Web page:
caution

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One of my favorite movies is the quirky flick Love Actually.  Above is one of my favorite scenes.

And it’s also, in my head, renamed Cautionary Tale. 

I’m talking about that Laura Linney character, you know the one who revolves her life around her mentally ill brother?  Yeah, that one.

The character who foregoes love because her brother’s illness is constantly interrupting her life?  Yeah, that one.

Being in charge of a mentally ill sibling isn’t for the faint of heart.  And it’s also not something you can anticipate how to balance, how to juggle, how to maintain.

I can’t say I’m very good at it, at all.  I forget at times just how ill my brother is.  I’m reminded of that this week.  Sometimes it feels like my life revolves around trying to keep him out of the hospital.  Yet other times, our connection is absolutely breathtaking.  Stability is a word not often associated with mental illness.  Unless in the context of something to hope for, to strive for.

He finally just answered his phone after many attempts to contact him all morning.  He has a Psychiatrist appointment today that he really needs to go to. They are not easy to get in the system he’s plugged in to. The voices have escalated in the last week, the day program he’s in has called me twice in the last few days, concerned about him.

He’s refusing to go to the appointment today yelling at me “I’m too ill Kathy, I can’t leave the house!”.

My father leaves to be out of the country tomorrow for a three week trip.  I don’t want to worry him about John before he leaves.  Maybe that’s why John is escalating, who knows?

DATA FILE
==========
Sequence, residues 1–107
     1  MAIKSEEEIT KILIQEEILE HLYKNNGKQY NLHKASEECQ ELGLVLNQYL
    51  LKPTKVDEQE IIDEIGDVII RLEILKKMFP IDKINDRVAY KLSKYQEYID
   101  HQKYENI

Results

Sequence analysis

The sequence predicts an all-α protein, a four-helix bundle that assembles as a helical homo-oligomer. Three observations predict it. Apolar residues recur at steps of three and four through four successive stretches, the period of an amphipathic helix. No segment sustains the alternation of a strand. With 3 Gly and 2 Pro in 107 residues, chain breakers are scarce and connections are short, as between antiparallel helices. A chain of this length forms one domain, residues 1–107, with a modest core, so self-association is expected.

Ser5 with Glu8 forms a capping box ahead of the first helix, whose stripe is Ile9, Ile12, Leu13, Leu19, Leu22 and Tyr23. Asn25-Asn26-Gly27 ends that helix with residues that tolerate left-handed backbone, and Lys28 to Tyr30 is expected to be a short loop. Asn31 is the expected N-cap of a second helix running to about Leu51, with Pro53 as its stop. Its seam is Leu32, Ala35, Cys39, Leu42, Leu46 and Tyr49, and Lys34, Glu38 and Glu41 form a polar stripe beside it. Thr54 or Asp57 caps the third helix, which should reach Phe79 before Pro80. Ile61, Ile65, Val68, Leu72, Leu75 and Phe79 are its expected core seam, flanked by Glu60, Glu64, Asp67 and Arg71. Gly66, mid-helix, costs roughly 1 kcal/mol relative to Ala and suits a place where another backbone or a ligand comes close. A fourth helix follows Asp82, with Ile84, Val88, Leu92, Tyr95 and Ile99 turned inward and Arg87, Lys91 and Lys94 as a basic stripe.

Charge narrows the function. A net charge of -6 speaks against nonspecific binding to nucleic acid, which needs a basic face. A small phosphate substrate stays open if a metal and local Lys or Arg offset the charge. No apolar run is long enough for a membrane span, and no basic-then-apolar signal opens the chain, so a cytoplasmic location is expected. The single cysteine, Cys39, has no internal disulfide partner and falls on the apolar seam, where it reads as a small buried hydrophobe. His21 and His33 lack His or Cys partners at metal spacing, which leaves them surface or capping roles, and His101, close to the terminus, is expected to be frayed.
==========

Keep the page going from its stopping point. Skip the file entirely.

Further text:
Luckily we’ve worked it out where John lives about 3 minutes from my house.  I won’t share how many times I’ve run over there to just check on him, sometimes in my pajamas.  It’s good that he’s so close and not good in some ways.

I decided this morning to go against my hypervigilance and not run over there.  Yet here I am, writing about him, worried.

I keep going back to that Laura Linney character.

My life generally revolves around supporting others and being their backup person.  My job is defined by that.  Being single I get ground down to nothing sometimes in this role.  I know I’m not alone in this position on the planet.

Speaking of my job, I have a client who is also a cautionary tale for me in some ways.  She came in yesterday.  Her autistic son has been seriously decompensating over the last couple of years.  He’s a teenager and they can barely find a school that will take him.  There have been threats, assaults on teachers, restraining orders, arrests, scary stuff.  She’s now trying to figure out if some kind of residential program will be the thing to keep him out of jail.  We all hear stories of kids who go in and shoot up a school.  I feel like I’m seeing the genesis of this kind of horror unfold before my eyes through her own words.  It’s actually pretty terrifying what’s been going on. I find myself, in my head, thinking “well I would never do that” but then I wonder.  I remember my role is to support her and her well being, so that’s always my default position.  Luckily she almost never asks my advice.

Her life revolves around care taking him and she sees no alternative for the rest of her life.  He has assaulted her many times.  She tries to craft ways to remodel her home where she can create a safe house inside it to sequester  herself in to if needed.  From her own son.

These are realities people deal with with mental illness in the family.

It can swallow an entire family, whole.

John just hung up on me again after yelling “nobody cares about me Kathy” as he’s completely paranoid.  While at the same time promising me he’s going to take the half of his medication he didn’t take last night.